The backs of their necks tingled. People dropped to the ground and covered their heads.
But just before it hit the earth, that eagle spread his wings and caught the air and landed lightly on one claw just in front of the boy. Look! In the other claw was an arrow.
And look! The eagle, fully as big as the hunter he faced, held the arrow out until the boy reached and took it—then he opened his beak and shattered daylight with a most terrible cry, then he leaped into the wind again and on huge flaps rose to heaven and vanished.
No one cheered after this shot.
Fire Thunder uttered a low curse and stalked away. People stood up and sought some little dignity after such an open display of fear. It had just been a contest. A game. Why did it have to turn so serious?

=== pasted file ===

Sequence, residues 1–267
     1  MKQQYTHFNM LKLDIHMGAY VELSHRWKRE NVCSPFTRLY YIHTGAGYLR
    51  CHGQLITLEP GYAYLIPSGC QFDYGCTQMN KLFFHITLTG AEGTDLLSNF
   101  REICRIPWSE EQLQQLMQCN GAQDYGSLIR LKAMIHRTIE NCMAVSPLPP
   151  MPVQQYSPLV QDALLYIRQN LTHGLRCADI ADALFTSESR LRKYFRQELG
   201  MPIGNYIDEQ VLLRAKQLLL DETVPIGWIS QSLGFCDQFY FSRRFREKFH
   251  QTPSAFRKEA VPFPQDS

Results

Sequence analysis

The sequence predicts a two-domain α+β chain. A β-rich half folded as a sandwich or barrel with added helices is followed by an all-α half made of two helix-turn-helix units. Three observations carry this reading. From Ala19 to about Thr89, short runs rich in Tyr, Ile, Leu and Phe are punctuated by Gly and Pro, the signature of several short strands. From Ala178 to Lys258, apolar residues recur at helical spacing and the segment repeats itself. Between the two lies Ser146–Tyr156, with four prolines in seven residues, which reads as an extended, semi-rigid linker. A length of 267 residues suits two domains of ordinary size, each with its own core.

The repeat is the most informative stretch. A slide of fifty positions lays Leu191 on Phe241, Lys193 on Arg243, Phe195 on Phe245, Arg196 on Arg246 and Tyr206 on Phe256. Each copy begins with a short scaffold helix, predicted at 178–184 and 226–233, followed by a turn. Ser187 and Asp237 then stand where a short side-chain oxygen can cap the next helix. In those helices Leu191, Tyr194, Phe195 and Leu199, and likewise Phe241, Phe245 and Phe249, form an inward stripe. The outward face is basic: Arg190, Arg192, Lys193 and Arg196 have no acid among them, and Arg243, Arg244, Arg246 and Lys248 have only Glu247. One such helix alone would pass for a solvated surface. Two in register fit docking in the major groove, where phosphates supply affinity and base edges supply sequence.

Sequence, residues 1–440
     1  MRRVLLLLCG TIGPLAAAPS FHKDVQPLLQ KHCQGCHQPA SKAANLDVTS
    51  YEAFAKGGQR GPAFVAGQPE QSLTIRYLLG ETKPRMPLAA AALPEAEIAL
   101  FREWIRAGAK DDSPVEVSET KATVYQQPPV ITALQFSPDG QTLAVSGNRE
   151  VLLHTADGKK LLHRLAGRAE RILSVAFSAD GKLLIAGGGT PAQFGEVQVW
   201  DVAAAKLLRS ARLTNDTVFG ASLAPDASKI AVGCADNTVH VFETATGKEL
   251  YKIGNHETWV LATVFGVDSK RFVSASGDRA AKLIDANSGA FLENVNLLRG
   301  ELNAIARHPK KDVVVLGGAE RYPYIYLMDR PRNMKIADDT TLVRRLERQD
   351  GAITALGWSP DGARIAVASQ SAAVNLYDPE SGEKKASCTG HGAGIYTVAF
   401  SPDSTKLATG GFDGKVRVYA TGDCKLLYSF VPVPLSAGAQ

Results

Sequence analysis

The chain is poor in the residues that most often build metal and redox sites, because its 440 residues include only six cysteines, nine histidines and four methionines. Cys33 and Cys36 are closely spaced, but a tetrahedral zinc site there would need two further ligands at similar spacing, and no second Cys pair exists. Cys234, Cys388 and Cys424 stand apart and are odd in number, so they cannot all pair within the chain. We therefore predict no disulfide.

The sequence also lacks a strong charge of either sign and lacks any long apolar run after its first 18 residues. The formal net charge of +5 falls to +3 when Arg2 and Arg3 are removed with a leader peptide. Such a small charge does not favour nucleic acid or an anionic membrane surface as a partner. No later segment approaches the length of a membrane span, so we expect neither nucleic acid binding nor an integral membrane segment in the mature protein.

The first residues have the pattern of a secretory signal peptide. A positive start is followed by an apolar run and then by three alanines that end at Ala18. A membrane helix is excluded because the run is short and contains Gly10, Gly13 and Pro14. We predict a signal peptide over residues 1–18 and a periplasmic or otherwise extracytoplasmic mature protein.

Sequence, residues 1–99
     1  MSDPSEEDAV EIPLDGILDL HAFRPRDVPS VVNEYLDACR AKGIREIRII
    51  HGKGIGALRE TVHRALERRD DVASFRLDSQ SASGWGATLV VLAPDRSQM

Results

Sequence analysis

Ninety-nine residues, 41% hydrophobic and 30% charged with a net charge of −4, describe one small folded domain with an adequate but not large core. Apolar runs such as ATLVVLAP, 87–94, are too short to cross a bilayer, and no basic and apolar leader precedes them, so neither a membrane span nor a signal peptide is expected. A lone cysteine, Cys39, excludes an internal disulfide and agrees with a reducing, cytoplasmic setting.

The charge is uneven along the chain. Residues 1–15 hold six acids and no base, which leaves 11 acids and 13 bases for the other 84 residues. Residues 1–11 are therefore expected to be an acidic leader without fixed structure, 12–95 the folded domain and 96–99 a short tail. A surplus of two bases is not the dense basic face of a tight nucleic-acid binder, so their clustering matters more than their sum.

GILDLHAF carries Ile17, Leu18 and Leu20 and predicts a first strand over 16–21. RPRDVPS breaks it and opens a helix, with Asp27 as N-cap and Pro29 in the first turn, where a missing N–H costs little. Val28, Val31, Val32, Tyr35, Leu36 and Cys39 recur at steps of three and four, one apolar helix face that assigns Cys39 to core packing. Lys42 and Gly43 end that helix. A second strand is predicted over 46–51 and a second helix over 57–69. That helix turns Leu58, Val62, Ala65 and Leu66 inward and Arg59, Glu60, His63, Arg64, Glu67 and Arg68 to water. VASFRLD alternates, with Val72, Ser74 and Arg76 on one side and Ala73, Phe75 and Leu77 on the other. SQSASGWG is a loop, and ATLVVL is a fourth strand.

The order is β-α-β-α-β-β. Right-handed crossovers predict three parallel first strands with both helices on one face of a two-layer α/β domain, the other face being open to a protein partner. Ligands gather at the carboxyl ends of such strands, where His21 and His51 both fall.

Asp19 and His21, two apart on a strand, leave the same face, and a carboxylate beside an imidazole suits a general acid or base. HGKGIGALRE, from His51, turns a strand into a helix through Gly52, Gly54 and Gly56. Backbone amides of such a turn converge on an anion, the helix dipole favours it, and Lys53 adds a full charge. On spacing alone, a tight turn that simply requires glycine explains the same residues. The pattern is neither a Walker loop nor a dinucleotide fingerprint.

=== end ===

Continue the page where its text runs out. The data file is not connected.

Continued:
The day had ended poorly after all. No, they were not happy with this child. It was not in admiration that they told the story later that year. It was because the boy was strange and this had been their first evidence. It was because the boy would finally have very much to answer for.
“Who is this hokshila?” they said. “To whom does the boy belong?”
“His name is Moves Walking.”
“He comes from Slow Buffalo’s band.” “He doesn’t belong to anyone.”
“Ah, yes. Atkuku wanice. Yes. Yes.”
A queer child indeed. Even after receiving the attentions of a spotted eagle, when someone else might have swaggered through camp in public pride, this boy was heard to sob, to weep and to whisper: “O Mother, I’m sorry, I’m sorry. I was not worthy of the eagle’s life.”